Coins were important in the time of Jesus, and were more significant than their face value. On one occasion the Pharisees plotted against Jesus in an attempt to entangle Him in His words. They sent some of their disciples to Jesus to ask, “is it lawful to pay taxes to Caesar, or not?”
When Jesus asked them to show him the coin used for the tax they brought Him a denarius. The denarius of that time would likely be one minted by the Emperor Tiberius (A.D. 14-37). Jesus asked, “Whose likeness [eikon] and inscription is this?” They said, “Caesar’s.” Jesus responded, “Therefore render to Caesar the things that are Caesar’s, and to God the things that are God’s.” Read the full account in Matthew 22:15-22).
The photo below shows a Denarius with the image of the Emperor Tiberius. The inscription on the obverse (heads) reads “TI CAESAR DIVI AVG F AUGUSTVS” (Tiberius, Caesar Augustus, Son of the Divine Augustus).
David Hendin (Guide to Biblical Coins, 1st. ed, 170-171) describes the reverse (tails) of the coin: “Female figure sits on a plain chair to right, she holds olive branch in her left hand and long sceptre in her right.” The inscription PONTIF MAXIM means High Priest, which Hendin says is “another of the emperor’s titles and later a title of the Bishop of Rome.”
This coin clearly demonstrates the Emperors’ claim to being the son of the divine Augustus, and to being High Priest in the Imperial Cult.
Florence Aiken Banks says,
It is not surprising that this Tiberius denarius–popularly known as the “tribute penny”–is of all coins the one most in demand by collectors who cherish their New Testaments. (Coins of Bible Days, 99)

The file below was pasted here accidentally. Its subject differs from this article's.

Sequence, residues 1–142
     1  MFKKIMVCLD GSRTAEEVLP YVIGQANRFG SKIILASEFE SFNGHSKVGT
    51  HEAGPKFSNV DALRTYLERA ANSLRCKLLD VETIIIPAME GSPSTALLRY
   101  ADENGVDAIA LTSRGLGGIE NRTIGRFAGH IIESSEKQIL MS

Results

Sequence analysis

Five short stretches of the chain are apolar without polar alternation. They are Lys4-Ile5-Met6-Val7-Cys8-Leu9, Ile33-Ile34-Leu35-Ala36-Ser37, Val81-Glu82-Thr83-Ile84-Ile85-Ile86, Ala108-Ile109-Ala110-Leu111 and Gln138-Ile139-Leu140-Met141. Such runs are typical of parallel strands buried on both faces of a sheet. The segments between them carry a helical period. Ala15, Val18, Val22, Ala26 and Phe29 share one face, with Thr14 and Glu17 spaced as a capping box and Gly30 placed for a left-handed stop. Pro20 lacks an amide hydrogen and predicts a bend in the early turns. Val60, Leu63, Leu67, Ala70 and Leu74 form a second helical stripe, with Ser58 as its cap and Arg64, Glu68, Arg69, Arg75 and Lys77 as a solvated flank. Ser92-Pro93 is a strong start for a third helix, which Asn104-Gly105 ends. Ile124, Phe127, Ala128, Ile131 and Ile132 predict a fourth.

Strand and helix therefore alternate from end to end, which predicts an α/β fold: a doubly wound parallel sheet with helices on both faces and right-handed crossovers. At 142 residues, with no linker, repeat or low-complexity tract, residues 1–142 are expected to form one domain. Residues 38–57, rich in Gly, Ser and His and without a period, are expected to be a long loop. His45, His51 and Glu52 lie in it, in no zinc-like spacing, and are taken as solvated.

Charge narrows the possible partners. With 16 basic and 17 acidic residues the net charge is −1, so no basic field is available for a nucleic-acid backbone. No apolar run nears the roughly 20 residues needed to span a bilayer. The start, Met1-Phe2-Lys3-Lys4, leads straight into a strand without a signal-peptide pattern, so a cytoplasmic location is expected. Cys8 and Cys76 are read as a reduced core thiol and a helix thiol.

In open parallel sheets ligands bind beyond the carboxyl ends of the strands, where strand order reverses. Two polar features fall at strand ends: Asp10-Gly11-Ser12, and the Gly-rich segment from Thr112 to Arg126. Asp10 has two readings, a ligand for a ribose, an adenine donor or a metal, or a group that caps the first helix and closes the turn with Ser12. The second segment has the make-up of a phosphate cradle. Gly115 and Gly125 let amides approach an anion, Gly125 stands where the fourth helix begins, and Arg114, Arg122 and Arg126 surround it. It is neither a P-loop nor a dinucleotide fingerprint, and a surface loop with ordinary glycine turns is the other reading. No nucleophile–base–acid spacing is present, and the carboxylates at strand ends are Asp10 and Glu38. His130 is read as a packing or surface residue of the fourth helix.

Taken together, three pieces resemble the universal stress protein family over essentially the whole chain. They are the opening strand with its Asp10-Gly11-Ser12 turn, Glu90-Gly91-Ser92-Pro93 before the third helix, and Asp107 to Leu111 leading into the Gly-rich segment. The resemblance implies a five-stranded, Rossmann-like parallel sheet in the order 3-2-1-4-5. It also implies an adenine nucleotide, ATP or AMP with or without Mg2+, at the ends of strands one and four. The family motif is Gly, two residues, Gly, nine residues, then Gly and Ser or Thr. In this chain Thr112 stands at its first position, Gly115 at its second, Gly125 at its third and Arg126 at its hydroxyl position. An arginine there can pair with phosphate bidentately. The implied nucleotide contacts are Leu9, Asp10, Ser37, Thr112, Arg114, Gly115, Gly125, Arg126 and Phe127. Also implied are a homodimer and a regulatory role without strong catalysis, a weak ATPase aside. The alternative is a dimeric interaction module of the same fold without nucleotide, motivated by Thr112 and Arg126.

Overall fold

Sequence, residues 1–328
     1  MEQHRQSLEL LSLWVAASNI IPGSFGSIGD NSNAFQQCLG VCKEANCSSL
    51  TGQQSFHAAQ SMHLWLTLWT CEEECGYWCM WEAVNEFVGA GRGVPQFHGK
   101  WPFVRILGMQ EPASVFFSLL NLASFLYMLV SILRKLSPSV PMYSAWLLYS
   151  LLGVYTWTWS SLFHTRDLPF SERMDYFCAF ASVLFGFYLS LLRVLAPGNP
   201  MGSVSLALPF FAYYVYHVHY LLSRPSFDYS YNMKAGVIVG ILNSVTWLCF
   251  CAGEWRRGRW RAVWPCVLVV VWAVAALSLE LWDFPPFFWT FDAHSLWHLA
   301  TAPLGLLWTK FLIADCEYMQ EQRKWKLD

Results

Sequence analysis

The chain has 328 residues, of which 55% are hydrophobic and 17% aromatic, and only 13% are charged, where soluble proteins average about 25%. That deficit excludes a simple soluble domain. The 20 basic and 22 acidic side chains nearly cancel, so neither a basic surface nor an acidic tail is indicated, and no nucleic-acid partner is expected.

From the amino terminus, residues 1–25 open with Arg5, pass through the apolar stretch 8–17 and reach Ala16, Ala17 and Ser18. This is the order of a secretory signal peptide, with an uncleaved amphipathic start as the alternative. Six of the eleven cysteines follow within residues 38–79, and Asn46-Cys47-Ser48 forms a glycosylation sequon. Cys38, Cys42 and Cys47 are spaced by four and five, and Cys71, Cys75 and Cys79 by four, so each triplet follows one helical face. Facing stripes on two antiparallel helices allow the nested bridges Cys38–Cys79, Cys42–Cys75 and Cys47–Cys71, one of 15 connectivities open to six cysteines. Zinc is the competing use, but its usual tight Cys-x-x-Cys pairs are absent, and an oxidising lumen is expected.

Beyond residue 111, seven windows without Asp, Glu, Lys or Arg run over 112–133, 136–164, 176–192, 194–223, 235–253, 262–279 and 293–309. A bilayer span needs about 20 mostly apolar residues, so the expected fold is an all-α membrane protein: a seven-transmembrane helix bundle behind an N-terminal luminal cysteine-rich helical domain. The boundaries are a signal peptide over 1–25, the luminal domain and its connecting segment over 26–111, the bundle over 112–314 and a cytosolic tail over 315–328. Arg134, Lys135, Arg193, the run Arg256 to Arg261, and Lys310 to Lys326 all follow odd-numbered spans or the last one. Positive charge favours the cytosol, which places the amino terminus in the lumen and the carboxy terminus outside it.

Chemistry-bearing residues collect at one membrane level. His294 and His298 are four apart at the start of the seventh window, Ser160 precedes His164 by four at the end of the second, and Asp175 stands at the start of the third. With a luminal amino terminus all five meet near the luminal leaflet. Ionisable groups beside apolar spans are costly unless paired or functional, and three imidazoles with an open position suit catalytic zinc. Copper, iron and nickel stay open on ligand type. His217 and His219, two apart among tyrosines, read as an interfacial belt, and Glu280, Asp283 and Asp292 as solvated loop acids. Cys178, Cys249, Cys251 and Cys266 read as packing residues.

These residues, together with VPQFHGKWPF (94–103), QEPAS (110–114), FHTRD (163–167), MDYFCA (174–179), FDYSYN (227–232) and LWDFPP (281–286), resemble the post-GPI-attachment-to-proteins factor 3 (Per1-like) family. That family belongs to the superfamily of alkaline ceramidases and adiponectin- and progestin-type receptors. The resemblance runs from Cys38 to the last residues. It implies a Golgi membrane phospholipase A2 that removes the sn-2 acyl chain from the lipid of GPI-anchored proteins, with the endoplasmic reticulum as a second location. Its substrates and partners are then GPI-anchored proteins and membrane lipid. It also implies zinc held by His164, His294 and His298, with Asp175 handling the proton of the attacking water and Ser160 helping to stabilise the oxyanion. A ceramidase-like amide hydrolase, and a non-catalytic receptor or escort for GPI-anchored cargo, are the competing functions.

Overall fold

In the next post I plan to discuss Pontius Pilate, prefect of Judea, and what we can learn about the Imperial Cult from his coins and the inscription bearing his name at Caesarea Maritima.
Special Note About Coin Images. For many years I have included several links to coin and coin collectors under the Bible Places page at the Biblical Studies Info Page. I have found that these web sites come and go. If I use the image of a coin that rightfully belongs to another photographer I will be pleased to give credit if you will point me to the site.
Pingback: Whose Image Is This? | That Which We Have Heard & Known
Pingback: Index of articles – the Romans and the ministry of Jesus | Ferrell's Travel Blog
A great way to get images of ancient coins is online auctions. The two best I have found are http://cngcoins.com/ and http://www.hjbltd.com/ I have collected hundreds of high-resolution images of fine coins from the biblical era at these sites. Both companies have been happy to give me permission to use and publish their images as long as I give them credit. I include treatment of coins in a book entitled APOCALYPSE AND ALLEGIANCE. See http://www.amazon.com/Apocalypse-Allegiance-Politics-Devotion-Revelation/dp/1587432617/ref=sr_1_1?ie=UTF8&qid=1424266636&sr=8-1&keywords=apocalypse+and+allegiance